Tag Archives: basement

Facing A Fear

Facing a fear.  It’s something we all hate to do because it’s so uncomfortable.  And yet, when we do face fear head-on, it brings an incredible sense of achievement, right?  Well, my brother and I faced one together many years ago that you may find interesting.

You might remember that I grew up with many a family card game of Progressive Rummy happening at my Grandma & Grandpa’s house.  My Grandma had a sister who everyone called “Aunt Shorty”.  For good reason, too, since she was all of about 4 feet 8 inches tall.  But her side of the family loved Progressive Rummy just as much as ours did.

My Dad had a cousin (Aunt Shorty’s son) named Bud.  Yup…..Bud.  He was a pretty laid back guy who took everything in stride.  He and his wife, Barb, lived a couple of hours away from us, so we occasionally drove over and visited.  When we did, the evening inevitably ended with the four adults playing cards late into the evening.  Since Bud and Barb didn’t have any kids, my bother and I were left to fend for ourselves for entertainment.

We were young enough at the time that we usually had pajamas with us to change into.  We eventually were laid down to sleep while the adults played on.  One night, however, after we already had our PJs on, we got bored while the adults were bantering back and forth.  We hadn’t brought anything of any real interest to keep our attention, so we looked around for something that qualified.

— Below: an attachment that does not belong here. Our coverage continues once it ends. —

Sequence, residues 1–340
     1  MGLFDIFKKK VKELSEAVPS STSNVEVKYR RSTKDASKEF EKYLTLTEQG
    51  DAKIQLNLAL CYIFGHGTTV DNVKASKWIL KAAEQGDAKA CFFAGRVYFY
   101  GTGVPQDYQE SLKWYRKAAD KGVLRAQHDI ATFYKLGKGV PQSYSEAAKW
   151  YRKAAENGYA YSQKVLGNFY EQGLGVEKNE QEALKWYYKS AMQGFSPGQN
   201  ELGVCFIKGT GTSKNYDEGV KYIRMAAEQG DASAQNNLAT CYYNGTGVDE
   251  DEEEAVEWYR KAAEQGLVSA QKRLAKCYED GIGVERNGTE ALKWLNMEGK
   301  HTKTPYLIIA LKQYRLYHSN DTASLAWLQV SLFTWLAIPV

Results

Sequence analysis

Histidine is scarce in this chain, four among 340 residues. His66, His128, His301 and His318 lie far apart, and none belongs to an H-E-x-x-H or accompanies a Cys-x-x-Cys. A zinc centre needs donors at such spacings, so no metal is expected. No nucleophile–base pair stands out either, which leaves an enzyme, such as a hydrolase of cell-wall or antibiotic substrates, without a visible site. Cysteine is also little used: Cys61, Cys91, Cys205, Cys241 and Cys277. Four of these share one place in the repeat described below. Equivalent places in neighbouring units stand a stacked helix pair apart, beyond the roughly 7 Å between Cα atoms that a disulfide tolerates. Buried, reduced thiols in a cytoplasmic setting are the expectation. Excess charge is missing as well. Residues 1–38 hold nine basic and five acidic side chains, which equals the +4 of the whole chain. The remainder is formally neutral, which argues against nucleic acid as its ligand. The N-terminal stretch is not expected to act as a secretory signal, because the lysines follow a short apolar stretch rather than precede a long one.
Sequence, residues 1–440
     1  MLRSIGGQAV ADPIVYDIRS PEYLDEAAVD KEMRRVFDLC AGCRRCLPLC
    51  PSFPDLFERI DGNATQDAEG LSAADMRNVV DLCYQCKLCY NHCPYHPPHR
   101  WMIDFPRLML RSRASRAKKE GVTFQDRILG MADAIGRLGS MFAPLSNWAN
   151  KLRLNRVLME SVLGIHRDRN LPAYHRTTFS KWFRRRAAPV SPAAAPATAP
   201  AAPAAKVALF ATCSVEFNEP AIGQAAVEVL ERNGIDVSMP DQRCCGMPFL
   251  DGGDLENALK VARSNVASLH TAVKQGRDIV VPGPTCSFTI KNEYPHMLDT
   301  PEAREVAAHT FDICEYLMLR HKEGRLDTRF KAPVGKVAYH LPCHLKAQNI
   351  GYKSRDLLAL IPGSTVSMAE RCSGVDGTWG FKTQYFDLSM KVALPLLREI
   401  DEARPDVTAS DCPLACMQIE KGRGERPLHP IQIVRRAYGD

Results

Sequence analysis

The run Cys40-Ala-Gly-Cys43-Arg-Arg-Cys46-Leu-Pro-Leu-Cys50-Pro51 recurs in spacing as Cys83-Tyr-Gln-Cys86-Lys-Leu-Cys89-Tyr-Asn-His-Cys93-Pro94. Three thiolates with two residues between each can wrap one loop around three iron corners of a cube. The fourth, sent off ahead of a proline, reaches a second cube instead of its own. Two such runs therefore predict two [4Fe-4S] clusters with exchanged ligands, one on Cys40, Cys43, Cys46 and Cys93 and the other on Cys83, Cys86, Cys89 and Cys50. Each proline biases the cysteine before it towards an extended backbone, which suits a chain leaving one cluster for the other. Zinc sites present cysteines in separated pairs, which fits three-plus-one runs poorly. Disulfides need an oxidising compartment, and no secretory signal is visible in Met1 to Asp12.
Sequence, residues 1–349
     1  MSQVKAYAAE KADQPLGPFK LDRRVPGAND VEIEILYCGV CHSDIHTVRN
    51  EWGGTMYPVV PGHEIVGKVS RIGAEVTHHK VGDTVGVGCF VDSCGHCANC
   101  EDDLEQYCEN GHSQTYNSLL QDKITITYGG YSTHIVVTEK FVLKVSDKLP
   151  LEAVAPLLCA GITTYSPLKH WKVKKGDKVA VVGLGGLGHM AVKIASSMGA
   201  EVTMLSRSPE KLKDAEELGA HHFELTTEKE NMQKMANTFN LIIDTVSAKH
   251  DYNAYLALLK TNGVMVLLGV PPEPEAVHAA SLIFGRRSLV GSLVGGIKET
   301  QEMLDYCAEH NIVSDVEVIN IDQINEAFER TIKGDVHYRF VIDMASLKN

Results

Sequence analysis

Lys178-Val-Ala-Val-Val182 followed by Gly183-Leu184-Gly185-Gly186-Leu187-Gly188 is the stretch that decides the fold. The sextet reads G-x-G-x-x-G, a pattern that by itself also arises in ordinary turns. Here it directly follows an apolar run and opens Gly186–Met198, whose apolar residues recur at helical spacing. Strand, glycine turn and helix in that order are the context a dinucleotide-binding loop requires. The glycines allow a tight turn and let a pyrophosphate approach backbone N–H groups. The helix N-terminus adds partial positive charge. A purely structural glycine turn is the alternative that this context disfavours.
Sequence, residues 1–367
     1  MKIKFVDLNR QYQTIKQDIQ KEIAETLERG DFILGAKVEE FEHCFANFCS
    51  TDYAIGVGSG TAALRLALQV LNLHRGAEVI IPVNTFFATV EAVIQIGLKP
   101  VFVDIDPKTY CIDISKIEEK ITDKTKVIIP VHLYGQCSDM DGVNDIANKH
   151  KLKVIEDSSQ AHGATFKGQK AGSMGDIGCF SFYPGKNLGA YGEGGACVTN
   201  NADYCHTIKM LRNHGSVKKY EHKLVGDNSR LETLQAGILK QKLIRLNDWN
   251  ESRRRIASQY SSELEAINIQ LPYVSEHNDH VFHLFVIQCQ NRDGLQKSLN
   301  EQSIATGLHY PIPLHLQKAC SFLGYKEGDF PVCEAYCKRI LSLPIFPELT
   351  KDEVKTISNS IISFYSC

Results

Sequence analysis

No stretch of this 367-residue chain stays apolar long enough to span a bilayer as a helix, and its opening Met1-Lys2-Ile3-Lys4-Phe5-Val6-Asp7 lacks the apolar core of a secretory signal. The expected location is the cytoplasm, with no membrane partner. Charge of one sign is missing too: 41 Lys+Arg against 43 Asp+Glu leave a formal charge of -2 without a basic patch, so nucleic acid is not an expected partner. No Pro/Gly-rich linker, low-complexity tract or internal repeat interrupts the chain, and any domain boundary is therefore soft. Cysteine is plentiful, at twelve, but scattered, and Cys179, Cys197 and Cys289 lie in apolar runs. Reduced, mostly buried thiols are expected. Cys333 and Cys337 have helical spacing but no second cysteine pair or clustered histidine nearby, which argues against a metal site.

Then one of us saw the basement door.  We had been down in the basement earlier that evening for some reason (can’t possibly remember what that was at this point).  It was a big basement, mostly finished, with plenty of space to walk around.  I got this crazy notion that we should take turns going into the basement without the light on.

The goal was to walk (not run) the complete circle around the perimeter of the basement and back up the stairs without getting scared.  We decided we would keep the light on at the top of the stairs.  That way, with the door cracked about six inches, enough light shown down into the basement that we could just make out where we were going.

Because of two factors–me being the older brother and that this stupid idea originated with the same–I went first.  Once I got to the bottom of the basement stairs, I could hardly see a thing.  No sounds could be heard.  Just my own quick gasps for air as I fought the urge to hyper-ventilate while skirting the edges of the basement perimeter.  Shadows lurked here and there, some possibly moving in my peripheral vision, but I was determined to set the example for all to follow.  As I made my way back around to the bottom of the stairs, the desire to leap three stairs at a time was overwhelming.  I fought it back, though, and “calmly” climbed the stairs to light and the safety of my parents.

Then my brother went down.  He came back rather quickly, in my opinion, but stated for the record that he didn’t run and wasn’t scared.  So I went down again and tried to go even slower this time.  The thought of something lunging from behind to drag me back into the shadowy depths of the basement was there the whole time I climbed the stairs to victory.  But I did it!  We went back and forth with that journey into darkness for quite a while.  At least we did until the adults realized what we were doing and Uncle Bud put a kibosh on the whole thing.

So what’s your fear?  Can you take steps to face it?  Even baby steps? It’s worth the exhilaration you feel when you’ve taken steps to kick it in the teeth.  Try it!  You’ll like it.